Dog & Animal Bites
Why do dogs bite? Dogs bite as a reaction to a stressful situation or environment. They may bite because they’re scared, threatened or to protect themselves or their owners. Dogs also bite when they are not feeling well, or if they’re startled or scared. Keep these triggers in mind anytime you are around a dog / canine, awareness of their mental state may help you recognize a potential bite situation. According to the Insurance Information Institute – one-third of all homeowners insurance liability claims (in dollars) result from dog bites or injuries related to dog actions. Every year, the insurance industry pays over $1 billion in dog-bite claims.
Who is at risk for dog bites? All people are at risk for a dog bite or dog injury. Some dog bite statistics include:
- Children – The Centers for Disease Control states that approximately half of all dog bite victims in the United States are children. The highest rate among children are ages of 5 and 9.
- Postal Workers – This may not be a surprise as postal workers come in contact with dogs everyday while delivering mail and packages.
- Extremities – Approx. 71% of dog bites occur on the extremities (arms, hands, legs and feet).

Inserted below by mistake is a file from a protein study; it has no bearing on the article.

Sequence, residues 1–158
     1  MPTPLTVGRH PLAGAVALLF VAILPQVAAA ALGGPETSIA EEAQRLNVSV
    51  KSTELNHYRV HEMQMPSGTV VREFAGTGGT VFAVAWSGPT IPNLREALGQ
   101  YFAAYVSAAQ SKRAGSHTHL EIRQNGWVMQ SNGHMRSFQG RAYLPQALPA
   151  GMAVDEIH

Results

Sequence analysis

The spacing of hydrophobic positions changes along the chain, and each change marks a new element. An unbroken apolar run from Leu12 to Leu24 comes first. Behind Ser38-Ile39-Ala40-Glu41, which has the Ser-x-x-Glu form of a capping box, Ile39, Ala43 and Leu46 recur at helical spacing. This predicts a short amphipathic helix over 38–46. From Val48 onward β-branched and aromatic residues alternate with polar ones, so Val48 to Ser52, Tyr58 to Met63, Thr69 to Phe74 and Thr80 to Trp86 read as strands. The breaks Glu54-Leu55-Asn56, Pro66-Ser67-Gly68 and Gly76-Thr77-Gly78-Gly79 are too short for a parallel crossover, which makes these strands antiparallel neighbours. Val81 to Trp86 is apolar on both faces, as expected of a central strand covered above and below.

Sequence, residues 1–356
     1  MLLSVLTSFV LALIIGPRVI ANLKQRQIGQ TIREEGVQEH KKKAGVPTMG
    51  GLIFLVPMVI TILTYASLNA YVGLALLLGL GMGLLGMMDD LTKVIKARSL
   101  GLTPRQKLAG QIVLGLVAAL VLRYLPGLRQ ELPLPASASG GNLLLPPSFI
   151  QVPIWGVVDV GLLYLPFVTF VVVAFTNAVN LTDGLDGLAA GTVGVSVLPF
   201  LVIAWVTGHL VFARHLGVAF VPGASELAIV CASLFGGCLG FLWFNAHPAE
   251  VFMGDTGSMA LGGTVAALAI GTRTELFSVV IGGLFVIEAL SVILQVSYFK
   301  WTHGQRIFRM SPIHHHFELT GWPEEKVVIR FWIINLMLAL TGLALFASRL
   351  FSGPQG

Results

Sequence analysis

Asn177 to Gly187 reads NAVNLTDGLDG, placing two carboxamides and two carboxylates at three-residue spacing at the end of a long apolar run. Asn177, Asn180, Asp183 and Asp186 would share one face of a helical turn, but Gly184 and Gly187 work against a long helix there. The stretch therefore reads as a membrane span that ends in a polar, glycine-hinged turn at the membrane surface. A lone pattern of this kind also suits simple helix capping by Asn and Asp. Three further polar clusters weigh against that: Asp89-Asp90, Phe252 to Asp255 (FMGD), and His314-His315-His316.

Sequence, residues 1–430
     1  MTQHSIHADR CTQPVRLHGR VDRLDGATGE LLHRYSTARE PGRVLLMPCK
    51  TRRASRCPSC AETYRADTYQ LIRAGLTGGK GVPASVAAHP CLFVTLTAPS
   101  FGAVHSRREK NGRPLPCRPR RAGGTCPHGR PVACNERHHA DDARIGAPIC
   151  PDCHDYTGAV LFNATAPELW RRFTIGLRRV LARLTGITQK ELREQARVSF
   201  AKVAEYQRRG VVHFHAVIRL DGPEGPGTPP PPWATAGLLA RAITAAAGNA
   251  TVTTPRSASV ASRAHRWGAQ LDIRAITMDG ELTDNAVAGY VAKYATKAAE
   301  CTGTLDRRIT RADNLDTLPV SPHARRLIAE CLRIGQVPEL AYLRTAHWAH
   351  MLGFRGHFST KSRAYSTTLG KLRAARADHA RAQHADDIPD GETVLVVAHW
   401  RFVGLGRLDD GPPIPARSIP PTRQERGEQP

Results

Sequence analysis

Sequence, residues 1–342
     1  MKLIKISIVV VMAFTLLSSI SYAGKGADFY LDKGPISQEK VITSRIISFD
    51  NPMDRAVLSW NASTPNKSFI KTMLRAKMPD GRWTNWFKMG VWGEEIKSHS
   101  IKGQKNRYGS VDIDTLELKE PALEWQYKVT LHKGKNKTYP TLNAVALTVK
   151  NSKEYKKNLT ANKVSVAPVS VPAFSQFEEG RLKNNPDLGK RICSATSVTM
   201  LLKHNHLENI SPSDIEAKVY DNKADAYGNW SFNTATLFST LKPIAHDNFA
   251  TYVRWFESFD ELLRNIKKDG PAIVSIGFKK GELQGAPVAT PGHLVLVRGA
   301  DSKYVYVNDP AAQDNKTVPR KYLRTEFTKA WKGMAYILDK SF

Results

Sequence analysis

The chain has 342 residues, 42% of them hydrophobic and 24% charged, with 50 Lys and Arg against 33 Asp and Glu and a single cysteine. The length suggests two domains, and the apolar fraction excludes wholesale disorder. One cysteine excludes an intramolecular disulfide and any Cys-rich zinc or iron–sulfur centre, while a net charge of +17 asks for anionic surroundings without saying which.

- Victim’s property – Approx. 75% of dog bites occur on the victim’s property, and most victims know the dog responsible for the attack.
How to prevent dog bites? Sometimes pets simply snap, there are unaccountable dog biting instances that no-one can explain or rationalize. More often than not – this is not the case. Below are a few things that you can do to prevent an attack.
- Allow a dog to sniff and smell you before you attempt to pet it
- Don’t approach an unfamiliar animal
- Don’t disturb a dog while they’re eating, sleeping, or taking care of their puppies
- If an unfamiliar dog approaches you, try to remain motionless. Do not run or scream, and try to avoid direct eye contact
- If attacked – roll into a ball and remain motionless. Avoid eye contact and remain calm
- Report strays or dogs displaying strange behavior to your local animal control
- You can learn more about preventing dog bites here.
What should you do if you are the victim of a dog bite? Dog attacks can result in lasting injuries that require extensive, and sometimes ongoing medical treatment and counseling. Dog bite injuries can be severe, disfiguring and disabling. Each year thousands of Americans undergo reconstructive surgery to repair injuries suffered from dog bites. In addition, victims of dog bites can suffer from post traumatic stress disorder (PTSD) or other emotional issues that can affect their quality of life for years after the injury occurred. The Illinois Animal Control Act ensures that dog owners are held liable and accountable for injuries sustained from a dog attack. An experienced lawyer that is familiar with Illinois laws can help victims and their families receive compensation for medical bills, lost wages, emotional distress and pain and suffering.